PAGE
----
A Small-Business Guide to the Internet of Things

The Internet of things is one of those big tech developments that could directly affect your small business. Find out the 7 critical points you should understand about this hot topic.
January 14, 2015

As the owner of a small business, it may sometimes be difficult to understand where you fit into the much larger entrepreneurial sphere in which you operate. When large corporations throw around terms like big data, cloud computing and the Internet of things, do you feel lost? And even if you understand them, do you know how they fit into your business model?

One term it would be helpful to understand is the "Internet of things," or IoT. It sounds vague yet important, but what exactly is it?

“Simply put, this is the concept of basically connecting any device with an on- and off-switch to the Internet (and/or to each other),” Forbes.com contributor Jacob Morgan explained in a recent article. Morgan goes on to explain that this includes everything from cell phones and smart TVs to coffee makers and washing machines. Outside of your home, the Internet of things could also control the components of an airplane’s jet engine or the drill of an oil rig, Morgan adds.

In essence, the Internet of things is the idea that all the technology in the world will eventually be connected to the Internet for easy control and access.

Briefing You on This Tech Development

But as a small-business owner, what and why do you need to know about the IoT? How is it important to you on a micro level, and how will it help you operate your business on a macro level? To answer these questions, let’s take a look at seven important aspects of this concept.

1. Progression will be gradual. You don’t have to worry about the Internet of things suddenly appearing one day and making your company obsolete. On the contrary, it will gradually develop over time. In fact, it's already started.

Chances are pretty high that your company is already adapting and will naturally grow with the IoT—not against it. Think about where you were 15 years ago and where you are now. Since then, you’ve probably invested in things like wireless Internet, mobile devices, analytical software, cloud storage, virtual servers and more. Whether you realize it or not, you’re adapting to changes in the world around you, and it's that progressive nature that will allow you to stay on pace with the development of the Internet of things.

2. Sensor technology will be important. If there’s one technology that will drive the IoT over the next few years, it’s probably sensors. As Business Insider editor Julie Bort writes, “Sensors can be programmed to sense the environment and share that information over the Internet, such as the location of items, their temperature and so on.” Your ability to understand how, when and where sensors can be used will help you get the most out of new and existing technology.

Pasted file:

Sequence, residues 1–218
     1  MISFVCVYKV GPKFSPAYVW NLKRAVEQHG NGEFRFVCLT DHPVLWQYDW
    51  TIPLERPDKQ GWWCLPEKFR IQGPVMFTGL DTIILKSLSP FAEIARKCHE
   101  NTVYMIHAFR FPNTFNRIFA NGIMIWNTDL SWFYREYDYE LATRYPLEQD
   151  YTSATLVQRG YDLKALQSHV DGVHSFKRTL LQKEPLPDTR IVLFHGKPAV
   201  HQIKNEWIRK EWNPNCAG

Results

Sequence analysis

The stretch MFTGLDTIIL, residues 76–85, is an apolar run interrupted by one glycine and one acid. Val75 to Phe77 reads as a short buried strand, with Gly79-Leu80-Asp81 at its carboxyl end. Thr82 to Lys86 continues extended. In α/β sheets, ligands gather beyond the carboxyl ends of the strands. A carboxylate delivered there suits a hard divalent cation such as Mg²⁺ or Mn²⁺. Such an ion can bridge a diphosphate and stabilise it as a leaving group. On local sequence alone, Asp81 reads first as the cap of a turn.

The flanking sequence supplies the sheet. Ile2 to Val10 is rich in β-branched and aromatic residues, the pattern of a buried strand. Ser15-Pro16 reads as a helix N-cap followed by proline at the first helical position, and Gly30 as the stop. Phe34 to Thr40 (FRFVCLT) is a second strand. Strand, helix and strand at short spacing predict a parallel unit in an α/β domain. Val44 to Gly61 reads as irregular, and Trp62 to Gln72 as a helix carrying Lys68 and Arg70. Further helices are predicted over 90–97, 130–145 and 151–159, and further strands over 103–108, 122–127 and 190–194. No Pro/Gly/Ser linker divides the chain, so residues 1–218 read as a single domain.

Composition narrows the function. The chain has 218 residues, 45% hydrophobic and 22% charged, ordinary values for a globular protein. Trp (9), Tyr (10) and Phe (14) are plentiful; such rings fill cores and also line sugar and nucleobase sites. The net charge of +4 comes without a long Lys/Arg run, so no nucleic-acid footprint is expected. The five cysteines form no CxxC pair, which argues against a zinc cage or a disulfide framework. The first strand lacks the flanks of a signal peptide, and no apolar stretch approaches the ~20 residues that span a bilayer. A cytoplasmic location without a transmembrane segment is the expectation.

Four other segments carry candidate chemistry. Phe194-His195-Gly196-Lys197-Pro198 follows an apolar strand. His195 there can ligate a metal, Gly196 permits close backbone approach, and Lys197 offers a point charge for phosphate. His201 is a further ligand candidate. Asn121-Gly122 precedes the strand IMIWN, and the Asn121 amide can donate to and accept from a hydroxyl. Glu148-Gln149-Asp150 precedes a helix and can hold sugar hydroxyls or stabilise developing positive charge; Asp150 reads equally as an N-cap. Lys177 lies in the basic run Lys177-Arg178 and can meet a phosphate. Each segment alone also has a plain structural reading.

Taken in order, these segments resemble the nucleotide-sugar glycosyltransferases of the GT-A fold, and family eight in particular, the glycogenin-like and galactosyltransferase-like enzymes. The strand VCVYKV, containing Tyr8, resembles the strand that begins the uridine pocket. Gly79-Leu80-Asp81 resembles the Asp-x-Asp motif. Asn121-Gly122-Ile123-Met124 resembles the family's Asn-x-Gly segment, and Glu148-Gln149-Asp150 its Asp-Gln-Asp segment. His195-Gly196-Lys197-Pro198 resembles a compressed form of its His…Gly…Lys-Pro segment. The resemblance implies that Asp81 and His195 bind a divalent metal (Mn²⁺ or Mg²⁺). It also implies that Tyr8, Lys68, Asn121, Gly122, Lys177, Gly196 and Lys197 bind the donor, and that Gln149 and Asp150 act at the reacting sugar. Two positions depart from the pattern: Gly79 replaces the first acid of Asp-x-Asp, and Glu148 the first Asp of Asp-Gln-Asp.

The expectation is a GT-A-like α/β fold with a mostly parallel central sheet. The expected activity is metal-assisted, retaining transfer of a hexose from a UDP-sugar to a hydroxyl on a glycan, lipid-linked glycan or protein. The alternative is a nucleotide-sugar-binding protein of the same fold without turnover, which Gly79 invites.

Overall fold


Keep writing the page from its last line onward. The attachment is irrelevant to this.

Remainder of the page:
3. You can become more efficient. In conjunction with big data, the IoT will potentially allow you to use resources more effectively and efficiently by providing information on energy use and associated technologies like thermostats, air quality monitors, lighting, building security and more. For companies in service industries, remotely connected devices and sensors may allow your service technicians to assess and monitor issues without having to make time-consuming trips.

4. Security is more important than ever. With more data, information and connectivity comes an increase in the need for better security. While the IoT will be more beneficial than detrimental, it could potentially open new avenues for hacking and data loss. Therefore, it will be more important than ever for your company to supplement new technologies with additional security measures and preventative action.

5. It’s backed by influential supporters. The Internet of things isn’t just some new idea with little actual traction—it’s a serious issue with powerful and influential supporters across the globe, including the British government, which has already invested £73 million in it. Research firm CB Insights reports that in 2013, investors made more than $1.1 billion in investments into the IoT. Just recently, Google purchased a connected thermostat company for $3.2 billion. With so many deep-pocketed supporters behind it, the IoT is no joke.

6. Consumer impact could be great. Aside from the internal workings of your company, the consumer impact of the IoT will most likely be great. According to Herman Chan, senior vice president of global marketing and general manager of DCIM from Raritan, “The Internet of things will be extremely convenient and efficient from a consumer point of view—something that will directly benefit small businesses everywhere.”

7. Business opportunities abound. According to numerous industry experts, there will be hundreds and possibly thousands of unique business opportunities that arise out of the growth of the IoT. Specific areas include improved customer service and personalization; the ability to address real-time threats, demands and needs; improved process optimization; and more accurate and effective forecasting.

Regardless of how well you understand the IoT and its potential benefits for your company, it’s important to remember one thing: The future is bright. As technology continues to evolve and becomes readily available to small businesses and consumers alike, processes will become more efficient and life more comfortable.

Are you ready for the Internet of things?

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